Price paid: $ 139.99
Purchased from: Guitar Center
Sound — 8
I'm using the UX2 with an Intel iMac and plugging in my Ernie Ball Music Man JP6. The POD Farm software has some great-sounding amp sims, cabs, and effects, and you can download more models from Line 6 (an FX bundle is included with the UX2). Everything depends on your personal taste, but I'd be surprised if you couldn't find settings you liked the sound of; there's just so much variety. I downloaded the Metal Shop and Collector Classics amp model packs at a special bundle price, and those gave me even more options. I'm incredibly happy with the high-gain models in particular: The Bogner Uberschall and Peavey 50 sims are great for the style of music I like to play. But the Treadplate Dual (included with the product) is perfectly fine for high-gain tones as well. These sounds are all included on the other Line 6 PODs, though not every sound is available out of the box. For a bit of extra money, you can add all the sounds from any other POD, but I'm not so sure it's worth it. The thing already comes with way more options than I'll ever need. There is zero latency when jamming with POD Farm in standalone mode, and running the plugin in recording software results in just a touch of latency, though it is bearable (and you can tweak the buffer size to reduce it even further). Some models are a little noisy, but it's nothing the built-in noise gate can't handle.
Overall Impression — 8
I've been playing around 17 years, and I like to play everything from classic rock to metal. I've been able to get all the sounds I want from this, and for jamming at home it's great. I haven't messed with recording software in depth, but a few test tracks come out nice with the POD Farm plugin. It's also nice to be able to play into the software and hear yourself and all the POD Farm effects, but still record a dry signal so you can tweak the settings after laying a track down. I might have gone with the UX1 instead, if I had know that I can do pretty much the same things with it. The UX2 has a VU meter and phantom power, plus more inputs for guitars and mics, but I'm not sure if I'll ever use it for anything but playing/recording my guitar. Oh well, it's nice to have the option at least. There's really nothing I don't like about it so far. It does exactly what I bought it to do. I'm sure it's not up to snuff with most other pro audio gear, but what do you expect for under $200? If you're like me and just want a nice, flexible alternative to a practice amp, and some recording options that actually sound good, this is the way to go, though you might want to opt for a UX1 or a GX, depending on your needs. The software is the same for all of them.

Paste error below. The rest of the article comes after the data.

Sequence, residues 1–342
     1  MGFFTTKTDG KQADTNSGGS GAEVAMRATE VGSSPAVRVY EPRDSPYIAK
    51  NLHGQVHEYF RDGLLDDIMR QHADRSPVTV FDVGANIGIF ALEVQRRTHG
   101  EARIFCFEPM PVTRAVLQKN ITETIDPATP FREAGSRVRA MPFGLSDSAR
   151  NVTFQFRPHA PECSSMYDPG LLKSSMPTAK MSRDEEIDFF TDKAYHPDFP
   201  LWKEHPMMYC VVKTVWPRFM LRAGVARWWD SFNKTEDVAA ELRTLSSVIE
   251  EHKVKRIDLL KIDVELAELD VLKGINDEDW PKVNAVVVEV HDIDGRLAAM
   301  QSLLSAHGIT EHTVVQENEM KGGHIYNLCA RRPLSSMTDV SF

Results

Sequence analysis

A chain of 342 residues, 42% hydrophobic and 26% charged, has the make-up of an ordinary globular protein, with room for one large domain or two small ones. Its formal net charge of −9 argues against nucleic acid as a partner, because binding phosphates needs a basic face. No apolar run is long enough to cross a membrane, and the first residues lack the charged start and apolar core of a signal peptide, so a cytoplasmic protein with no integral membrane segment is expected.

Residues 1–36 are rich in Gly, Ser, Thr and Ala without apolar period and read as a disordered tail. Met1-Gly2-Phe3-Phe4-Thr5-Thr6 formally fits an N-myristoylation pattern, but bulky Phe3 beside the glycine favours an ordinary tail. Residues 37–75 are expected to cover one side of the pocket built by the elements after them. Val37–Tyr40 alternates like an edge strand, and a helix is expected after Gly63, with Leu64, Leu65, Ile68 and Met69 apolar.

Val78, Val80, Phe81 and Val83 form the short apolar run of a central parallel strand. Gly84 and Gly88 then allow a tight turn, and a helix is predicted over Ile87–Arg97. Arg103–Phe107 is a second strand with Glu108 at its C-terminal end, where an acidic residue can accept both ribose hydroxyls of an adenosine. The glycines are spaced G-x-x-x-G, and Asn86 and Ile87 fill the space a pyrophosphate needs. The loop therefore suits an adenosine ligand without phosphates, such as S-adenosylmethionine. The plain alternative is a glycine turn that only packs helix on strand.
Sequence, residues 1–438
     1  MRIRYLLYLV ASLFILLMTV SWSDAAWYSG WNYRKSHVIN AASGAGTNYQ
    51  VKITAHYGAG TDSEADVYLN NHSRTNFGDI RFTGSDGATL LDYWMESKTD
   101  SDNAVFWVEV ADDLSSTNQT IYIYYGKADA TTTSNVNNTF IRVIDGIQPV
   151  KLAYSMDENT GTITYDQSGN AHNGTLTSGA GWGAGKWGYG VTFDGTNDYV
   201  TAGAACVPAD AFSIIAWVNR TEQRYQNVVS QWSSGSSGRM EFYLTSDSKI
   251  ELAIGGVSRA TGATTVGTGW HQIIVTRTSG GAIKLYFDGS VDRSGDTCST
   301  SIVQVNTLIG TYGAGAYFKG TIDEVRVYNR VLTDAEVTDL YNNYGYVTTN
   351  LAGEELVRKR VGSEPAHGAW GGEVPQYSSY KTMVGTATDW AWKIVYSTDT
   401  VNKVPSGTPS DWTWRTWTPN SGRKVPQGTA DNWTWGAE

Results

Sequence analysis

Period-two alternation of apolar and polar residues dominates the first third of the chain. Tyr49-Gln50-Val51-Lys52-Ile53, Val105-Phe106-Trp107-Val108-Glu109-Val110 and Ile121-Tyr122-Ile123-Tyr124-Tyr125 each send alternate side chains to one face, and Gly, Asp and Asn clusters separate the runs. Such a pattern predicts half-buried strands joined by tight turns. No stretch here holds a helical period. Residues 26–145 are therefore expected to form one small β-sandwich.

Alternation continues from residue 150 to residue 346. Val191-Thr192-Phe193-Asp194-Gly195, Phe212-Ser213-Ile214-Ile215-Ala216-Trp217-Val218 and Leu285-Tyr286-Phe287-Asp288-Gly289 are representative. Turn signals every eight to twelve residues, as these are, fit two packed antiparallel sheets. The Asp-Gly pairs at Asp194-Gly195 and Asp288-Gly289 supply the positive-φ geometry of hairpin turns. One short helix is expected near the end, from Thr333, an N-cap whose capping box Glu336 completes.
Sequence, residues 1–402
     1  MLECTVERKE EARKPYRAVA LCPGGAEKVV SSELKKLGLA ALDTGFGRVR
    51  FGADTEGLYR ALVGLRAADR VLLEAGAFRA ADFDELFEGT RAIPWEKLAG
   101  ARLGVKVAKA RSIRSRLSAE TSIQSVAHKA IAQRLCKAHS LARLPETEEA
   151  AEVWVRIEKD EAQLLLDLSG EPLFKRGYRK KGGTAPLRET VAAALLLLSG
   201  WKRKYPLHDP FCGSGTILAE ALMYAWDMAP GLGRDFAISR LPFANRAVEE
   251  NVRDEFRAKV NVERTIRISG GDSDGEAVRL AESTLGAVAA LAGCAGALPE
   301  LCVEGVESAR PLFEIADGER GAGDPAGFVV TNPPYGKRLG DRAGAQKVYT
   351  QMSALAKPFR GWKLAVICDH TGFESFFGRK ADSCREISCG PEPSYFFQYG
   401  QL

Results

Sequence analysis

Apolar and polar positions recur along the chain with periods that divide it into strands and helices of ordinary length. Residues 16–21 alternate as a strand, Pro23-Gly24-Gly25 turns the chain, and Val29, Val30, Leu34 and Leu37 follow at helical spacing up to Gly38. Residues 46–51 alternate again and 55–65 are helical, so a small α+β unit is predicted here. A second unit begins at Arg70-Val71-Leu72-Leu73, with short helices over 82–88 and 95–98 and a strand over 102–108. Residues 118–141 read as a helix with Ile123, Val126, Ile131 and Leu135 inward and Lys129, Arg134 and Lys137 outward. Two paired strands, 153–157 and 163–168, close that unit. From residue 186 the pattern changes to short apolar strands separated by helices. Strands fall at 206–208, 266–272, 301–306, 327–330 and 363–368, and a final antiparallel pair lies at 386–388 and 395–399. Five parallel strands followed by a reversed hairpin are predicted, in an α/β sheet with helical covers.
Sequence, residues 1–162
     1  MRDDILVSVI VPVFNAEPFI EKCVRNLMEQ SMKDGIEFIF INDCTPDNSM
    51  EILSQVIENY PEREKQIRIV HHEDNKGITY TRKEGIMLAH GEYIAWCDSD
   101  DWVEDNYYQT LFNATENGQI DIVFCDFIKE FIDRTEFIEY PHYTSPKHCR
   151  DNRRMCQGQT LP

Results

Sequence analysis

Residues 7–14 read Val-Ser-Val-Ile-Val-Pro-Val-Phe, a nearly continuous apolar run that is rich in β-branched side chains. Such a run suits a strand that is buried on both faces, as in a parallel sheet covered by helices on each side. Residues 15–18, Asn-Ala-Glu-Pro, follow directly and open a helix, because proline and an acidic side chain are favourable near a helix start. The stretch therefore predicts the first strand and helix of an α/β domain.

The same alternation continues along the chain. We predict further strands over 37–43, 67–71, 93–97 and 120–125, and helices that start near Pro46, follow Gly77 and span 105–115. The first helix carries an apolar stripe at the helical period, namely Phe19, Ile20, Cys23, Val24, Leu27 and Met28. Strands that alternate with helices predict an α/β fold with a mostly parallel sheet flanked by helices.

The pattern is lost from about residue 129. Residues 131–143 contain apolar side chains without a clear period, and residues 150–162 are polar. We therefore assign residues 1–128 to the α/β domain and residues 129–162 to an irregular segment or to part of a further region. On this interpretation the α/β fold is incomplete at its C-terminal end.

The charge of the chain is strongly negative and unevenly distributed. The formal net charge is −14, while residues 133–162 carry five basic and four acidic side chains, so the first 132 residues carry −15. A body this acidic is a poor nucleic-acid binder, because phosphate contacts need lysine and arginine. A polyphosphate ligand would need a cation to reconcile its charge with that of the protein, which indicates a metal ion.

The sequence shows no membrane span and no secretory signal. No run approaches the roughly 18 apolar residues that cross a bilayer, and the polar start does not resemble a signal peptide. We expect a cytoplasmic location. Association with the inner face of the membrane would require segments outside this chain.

Reliability & Durability — 7
This is meant for home recording, and for that, it seems plenty durable. I'm basically using it instead of a practice amp, but I like the option of being able to record with it. Since it just sit's on my desk, it doesn't need to be incredibly sturdy, but it seems solid nonetheless. I wouldn't gig with it, though; get a POD for that.
Ease of Use — 7
The POD Studio UX2 (formerly TonePort) is a hell of a device. The new, rebranded version comes with POD Farm and the POD Farm VST/RTAS/AU plugin for recording software (it also still comes with GearBox, but I like POD Farm better). Install the programs from the included disks or use the Line 6 Monkey software to find all updates for your device. There are no instructions included with the unit, and I was a little confused about how to hook it up, not being familiar at all with recording equipment. Once I had it figured out, though, I could set it and forget it. For those interested in buying one of these, be aware that it does not turn your computer into an amp simulator. It allows you to plug your guitar/bass/mic in and use the included software to play through your computer, but you will need to hook up headphones or an external monitor directly to the UX2 in order to hear yourself as you play. (I just plugged my external PC speakers into the headphone jack using a 1/4" adapter.) It was also a little difficult to figure out how to use the UX2 in recording software. That's to be expected, though; Line 6 can't possibly provide instructions for using their product with every conceivable software configuration. I didn't want to use their included recording software (a stripped-down version of Ableton Live) as I already use Reaper, but I was not able to get the POD Farm plugin to work in Reaper. It works fine in Garage Band and Ableton, so my guess is it's a problem with Reaper. But just plugging in and jamming with POD Farm or GearBox couldn't be easier once you have it setup and installed properly.